I now think that 100 mile hauling trips on the Dummy are not too ridiculous a proposal, provided one carries enough snacks. A good progression from those early pre-purchase doubts.
Recently on the King Harry Ferry across the Fal, aboard the Dummy, I got talking to a group of cyclists… questions started with “what’s that for?“, through “what are you doing?” to “why don’t you just drive?” and “I couldn’t ride that” to expressing sentiments that indicated they thought I was some kind of dangerous lunatic once I’d mentioned I was on my way to collect a large Afghan carpet I’d been offered; a hilly round trip of 75 miles mixing scenic backroads and trails. Still in the mindset of cycling as thing to do on a Sunday morning, the idea that a Sunday ride could also replace a motorised chore, and still be a brilliant, and deeply satisfying day out was a leap too far. Interestingly the only chap I met that morning who “got it” was on a motorcycle, also on the ferry. He was a super chap, bit of a rebel. Everyone else just stared.
climbing hills is a surprisingly relaxed experience; an experience that very much confirms that the weight of a bike is not as important as folk think, and certainly not as important as the industry likes folk to think.
When making a trip by car then usually the only point of the trip is the destination. The journey itself is usually something to be endured, and preferably to be dealt with as quickly as possible, one possible reason for the shitty driving frequently in evidence during busy times. When making the same trip by bicycle, the act of travelling can become as meaningful as the destination itself. Embracing that can a difficult adjustment to make, but once made there’s no looking back. Daily life is just better.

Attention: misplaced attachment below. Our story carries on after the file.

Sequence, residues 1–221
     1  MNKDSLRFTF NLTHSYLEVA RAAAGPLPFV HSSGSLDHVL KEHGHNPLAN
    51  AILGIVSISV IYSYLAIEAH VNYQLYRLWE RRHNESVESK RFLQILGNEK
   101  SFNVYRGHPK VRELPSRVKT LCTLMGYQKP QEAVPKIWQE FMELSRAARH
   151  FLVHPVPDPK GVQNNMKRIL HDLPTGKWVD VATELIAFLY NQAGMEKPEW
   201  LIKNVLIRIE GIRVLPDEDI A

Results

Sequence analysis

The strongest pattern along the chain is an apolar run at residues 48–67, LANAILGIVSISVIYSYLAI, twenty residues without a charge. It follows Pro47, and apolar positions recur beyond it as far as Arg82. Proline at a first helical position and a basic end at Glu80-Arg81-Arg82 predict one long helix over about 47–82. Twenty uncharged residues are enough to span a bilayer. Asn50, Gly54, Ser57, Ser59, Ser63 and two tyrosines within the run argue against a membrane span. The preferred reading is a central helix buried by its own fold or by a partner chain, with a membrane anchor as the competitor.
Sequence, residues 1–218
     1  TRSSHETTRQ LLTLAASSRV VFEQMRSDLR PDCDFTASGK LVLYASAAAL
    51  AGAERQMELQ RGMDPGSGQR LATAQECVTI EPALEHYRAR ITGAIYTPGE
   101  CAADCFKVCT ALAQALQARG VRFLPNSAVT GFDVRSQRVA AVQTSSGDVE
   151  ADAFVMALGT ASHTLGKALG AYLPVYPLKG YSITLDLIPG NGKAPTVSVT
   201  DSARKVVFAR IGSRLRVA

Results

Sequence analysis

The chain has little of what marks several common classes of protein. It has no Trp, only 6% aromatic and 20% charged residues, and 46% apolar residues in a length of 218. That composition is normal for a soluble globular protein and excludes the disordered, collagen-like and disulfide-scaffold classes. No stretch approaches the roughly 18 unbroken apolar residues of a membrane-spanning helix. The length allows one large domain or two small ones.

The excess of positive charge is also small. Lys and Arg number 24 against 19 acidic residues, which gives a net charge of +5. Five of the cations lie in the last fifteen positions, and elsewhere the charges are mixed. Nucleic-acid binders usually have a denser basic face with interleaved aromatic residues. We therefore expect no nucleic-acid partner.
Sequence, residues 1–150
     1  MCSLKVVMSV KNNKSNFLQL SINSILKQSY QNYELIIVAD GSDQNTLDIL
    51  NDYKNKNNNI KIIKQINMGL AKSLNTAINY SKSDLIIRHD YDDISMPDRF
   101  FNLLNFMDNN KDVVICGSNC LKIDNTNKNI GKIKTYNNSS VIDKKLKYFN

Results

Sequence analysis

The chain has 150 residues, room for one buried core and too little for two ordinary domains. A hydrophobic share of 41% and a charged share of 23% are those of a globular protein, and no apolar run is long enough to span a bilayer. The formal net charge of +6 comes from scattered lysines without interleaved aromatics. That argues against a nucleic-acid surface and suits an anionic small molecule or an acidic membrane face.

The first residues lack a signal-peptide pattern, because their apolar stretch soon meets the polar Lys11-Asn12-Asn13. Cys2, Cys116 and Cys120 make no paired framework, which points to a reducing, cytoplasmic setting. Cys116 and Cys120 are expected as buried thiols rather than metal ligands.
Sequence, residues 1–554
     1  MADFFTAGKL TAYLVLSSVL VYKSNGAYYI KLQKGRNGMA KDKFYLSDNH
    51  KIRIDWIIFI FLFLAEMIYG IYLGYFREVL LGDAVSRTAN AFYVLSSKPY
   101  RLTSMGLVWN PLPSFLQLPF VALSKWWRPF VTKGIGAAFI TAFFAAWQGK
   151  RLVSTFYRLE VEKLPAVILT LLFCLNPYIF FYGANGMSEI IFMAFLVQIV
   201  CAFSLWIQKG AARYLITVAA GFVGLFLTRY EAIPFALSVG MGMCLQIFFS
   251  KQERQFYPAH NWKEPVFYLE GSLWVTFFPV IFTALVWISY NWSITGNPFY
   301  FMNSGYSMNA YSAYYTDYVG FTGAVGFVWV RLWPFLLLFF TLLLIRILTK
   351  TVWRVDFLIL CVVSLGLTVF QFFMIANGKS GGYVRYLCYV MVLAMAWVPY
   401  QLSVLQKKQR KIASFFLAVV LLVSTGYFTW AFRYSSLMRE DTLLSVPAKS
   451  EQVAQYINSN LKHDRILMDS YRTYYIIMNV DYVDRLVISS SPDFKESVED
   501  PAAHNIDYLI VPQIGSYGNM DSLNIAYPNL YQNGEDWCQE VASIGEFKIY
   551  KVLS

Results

The outing itself was a super day out, winding my way through all the tiny, picturesque lanes that make no sense in the context of an A to B car journey, and hence that are mostly traffic free, even in the height of summer. The return journey with some 18kg of carpet bundled up tightly and strapped to the rear deck was just as much fun, and once back across the Fal I was able to make use of the network of old mining trails to get almost all the way home. Having a carpet on the back made the trails no less fun, and in a sense more fun thanks to the “rabbit in headlamps” stares of other trail users. I like the idea that perhaps one or two lightbulbs might have flickered to life during those kind of encounters. The round trip took about 6hrs, was absolutely not a chore, and the relaxed nature of the bike, and abundance of gears, meant that I wasn’t feeling particularly tired, so I now think that 100 mile hauling trips on the Dummy are not too ridiculous a proposal, provided one carries enough snacks. A solid progression from those early pre-purchase doubts. In retrospect I shouldn’t be surprised, it’s little different to riding a fully loaded dirt touring bike; the only difference is the context, or ‘head-space’. It’s probably also worth saying that I find a quick trip up the road for DiY supplies just as much as fun as everything else.